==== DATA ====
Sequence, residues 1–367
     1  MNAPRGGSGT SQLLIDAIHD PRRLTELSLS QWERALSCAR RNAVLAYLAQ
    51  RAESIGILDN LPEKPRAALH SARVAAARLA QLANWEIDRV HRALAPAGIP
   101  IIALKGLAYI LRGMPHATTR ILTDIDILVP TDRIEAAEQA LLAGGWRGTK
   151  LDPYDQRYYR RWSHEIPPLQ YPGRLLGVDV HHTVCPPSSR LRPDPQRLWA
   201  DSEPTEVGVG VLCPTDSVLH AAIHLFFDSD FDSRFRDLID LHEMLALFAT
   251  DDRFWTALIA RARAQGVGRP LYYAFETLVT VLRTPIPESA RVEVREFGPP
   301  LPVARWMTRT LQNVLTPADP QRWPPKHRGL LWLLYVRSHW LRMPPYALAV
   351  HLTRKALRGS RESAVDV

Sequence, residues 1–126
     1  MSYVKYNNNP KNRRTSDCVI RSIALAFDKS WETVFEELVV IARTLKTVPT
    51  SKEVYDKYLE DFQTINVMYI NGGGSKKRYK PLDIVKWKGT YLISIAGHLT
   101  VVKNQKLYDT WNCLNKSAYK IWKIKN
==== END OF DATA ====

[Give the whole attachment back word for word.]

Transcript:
Sequence, residues 1–367
     1  MNAPRGGSGT SQLLIDAIHD PRRLTELSLS QWERALSCAR RNAVLAYLAQ
    51  RAESIGILDN LPEKPRAALH SARVAAARLA QLANWEIDRV HRALAPAGIP
   101  IIALKGLAYI LRGMPHATTR ILTDIDILVP TDRIEAAEQA LLAGGWRGTK
   151  LDPYDQRYYR RWSHEIPPLQ YPGRLLGVDV HHTVCPPSSR LRPDPQRLWA
   201  DSEPTEVGVG VLCPTDSVLH AAIHLFFDSD FDSRFRDLID LHEMLALFAT
   251  DDRFWTALIA RARAQGVGRP LYYAFETLVT VLRTPIPESA RVEVREFGPP
   301  LPVARWMTRT LQNVLTPADP QRWPPKHRGL LWLLYVRSHW LRMPPYALAV
   351  HLTRKALRGS RESAVDV

Sequence, residues 1–126
     1  MSYVKYNNNP KNRRTSDCVI RSIALAFDKS WETVFEELVV IARTLKTVPT
    51  SKEVYDKYLE DFQTINVMYI NGGGSKKRYK PLDIVKWKGT YLISIAGHLT
   101  VVKNQKLYDT WNCLNKSAYK IWKIKN